July 1, 2018
Dan Nyberg, training manager for Morton Buildings, says when the company’s repair division works with farmers, a remodel can be the best option if:
The basic structure can effectively accommodate their equipment for the foreseeable future – based on height, width and door sizes.
The building has ‘family significance’ – for example, grandpa built it and we will keep it as one of our memories of him.
Or, if there is a pressing need which the existing structure can fulfill with some modification, based on estimated cost and return.
Nyberg says when planning a renovation project, there are several important considerations to keep in mind.
“First, make a realistic evaluation of the cost and ultimate use of the building,” he advises. “Will the end result provide an effective structure to be part of your overall operation for the long term?”
He also suggests that farmers get professional help in evaluating what must be done, as some updates may be more involved than they are able to project. “For instance, one of the first areas our repair division assesses in a renovation project is whether there are any structural issues that need to be addressed. These can be harder to identify on your own.”
Nyberg adds that every project estimate should provide a very clear and complete scope of work – what is included and what is not. “For any portion of the work you expect to perform yourself, be realistic about the time that work will require and the timeframe the project fits in,” he states. “Also, don’t forget to build a ‘fudge factor’ into your budget to cover issues discovered in the middle of the project, such as an electrical wiring issue behind wall finishes.”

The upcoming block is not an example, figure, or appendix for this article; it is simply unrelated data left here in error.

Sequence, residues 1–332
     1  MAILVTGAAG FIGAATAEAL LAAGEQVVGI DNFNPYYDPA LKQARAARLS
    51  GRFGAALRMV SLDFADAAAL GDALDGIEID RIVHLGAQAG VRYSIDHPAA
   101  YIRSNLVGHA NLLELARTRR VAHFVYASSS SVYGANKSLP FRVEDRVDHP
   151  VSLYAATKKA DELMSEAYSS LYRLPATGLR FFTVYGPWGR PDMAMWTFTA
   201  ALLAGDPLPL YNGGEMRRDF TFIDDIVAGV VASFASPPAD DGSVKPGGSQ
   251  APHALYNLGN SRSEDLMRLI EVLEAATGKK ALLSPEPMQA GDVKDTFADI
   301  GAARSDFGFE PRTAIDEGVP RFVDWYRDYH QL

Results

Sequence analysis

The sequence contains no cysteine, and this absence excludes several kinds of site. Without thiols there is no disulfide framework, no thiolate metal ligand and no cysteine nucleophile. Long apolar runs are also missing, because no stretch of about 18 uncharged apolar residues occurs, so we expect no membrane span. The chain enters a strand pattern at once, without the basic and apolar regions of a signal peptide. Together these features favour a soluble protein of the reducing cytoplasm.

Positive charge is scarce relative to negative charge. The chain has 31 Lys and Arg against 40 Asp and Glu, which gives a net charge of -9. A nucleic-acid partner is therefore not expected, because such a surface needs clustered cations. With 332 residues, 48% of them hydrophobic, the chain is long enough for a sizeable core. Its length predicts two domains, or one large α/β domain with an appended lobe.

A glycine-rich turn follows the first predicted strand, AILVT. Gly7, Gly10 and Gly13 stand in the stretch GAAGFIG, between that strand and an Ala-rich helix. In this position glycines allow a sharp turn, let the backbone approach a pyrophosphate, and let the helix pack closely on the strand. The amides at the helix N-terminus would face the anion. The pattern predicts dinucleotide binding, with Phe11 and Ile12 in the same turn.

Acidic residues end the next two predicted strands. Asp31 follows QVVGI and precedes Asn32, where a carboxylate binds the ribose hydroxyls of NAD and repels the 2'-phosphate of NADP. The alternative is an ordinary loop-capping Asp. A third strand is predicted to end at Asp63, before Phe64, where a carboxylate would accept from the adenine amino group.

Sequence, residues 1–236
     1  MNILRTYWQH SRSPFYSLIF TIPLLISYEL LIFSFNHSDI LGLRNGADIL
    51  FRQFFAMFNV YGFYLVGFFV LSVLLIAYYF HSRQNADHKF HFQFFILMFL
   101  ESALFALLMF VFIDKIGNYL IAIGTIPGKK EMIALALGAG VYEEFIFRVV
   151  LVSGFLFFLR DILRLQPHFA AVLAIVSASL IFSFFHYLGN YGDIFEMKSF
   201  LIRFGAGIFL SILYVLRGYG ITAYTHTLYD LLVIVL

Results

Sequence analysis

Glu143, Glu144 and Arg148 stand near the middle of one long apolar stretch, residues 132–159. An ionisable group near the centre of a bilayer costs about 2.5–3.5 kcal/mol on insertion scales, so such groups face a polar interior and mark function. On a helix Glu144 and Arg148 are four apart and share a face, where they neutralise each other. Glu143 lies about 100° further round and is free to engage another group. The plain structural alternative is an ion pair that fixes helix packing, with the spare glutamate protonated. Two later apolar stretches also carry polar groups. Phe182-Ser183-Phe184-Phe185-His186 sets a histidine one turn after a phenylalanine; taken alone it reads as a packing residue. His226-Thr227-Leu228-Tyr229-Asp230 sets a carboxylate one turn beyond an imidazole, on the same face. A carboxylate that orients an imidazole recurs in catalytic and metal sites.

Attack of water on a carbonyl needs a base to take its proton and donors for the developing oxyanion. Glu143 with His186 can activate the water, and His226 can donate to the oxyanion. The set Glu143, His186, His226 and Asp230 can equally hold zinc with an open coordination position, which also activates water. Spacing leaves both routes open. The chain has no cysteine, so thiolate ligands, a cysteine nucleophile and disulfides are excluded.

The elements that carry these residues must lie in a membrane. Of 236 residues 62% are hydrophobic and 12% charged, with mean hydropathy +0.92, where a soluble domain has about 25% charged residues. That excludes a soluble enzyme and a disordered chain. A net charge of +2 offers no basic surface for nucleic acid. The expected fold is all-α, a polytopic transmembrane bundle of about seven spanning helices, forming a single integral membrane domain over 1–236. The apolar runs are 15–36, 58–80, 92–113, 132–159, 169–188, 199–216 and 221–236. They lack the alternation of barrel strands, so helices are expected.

When basic repairs are needed, Nyberg says it’s important to prioritize. His recommendations include:
If the structural integrity of the building is in question, make that a high priority. For example – a broken column or cracked truss.
If the function of the building is being impacted, that should also be given immediate attention, such as a large sliding door that won’t open or a skylight that is broken and leaking.
On the other hand, if a structure just needs some work, a facelift or fixing minor headache issues, carefully evaluate if an additional investment is a wise use of time and money.
Nyberg says these guidelines will help ensure that a repair or renovation will be cost-effective and support the long-term needs of a farming operation. For more information, visit MortonBuildings.com/Repairs.
About the Author(s)
You May Also Like
Current Conditions for
Enter a zip code to see the weather conditions for a different location.
Are you ready for a run-up in cattle prices?Dec 01, 2023
Weekly Grain Movement: Corn outperforms trade expectationsDec 04, 2023
Will 2024 be better?Dec 01, 2023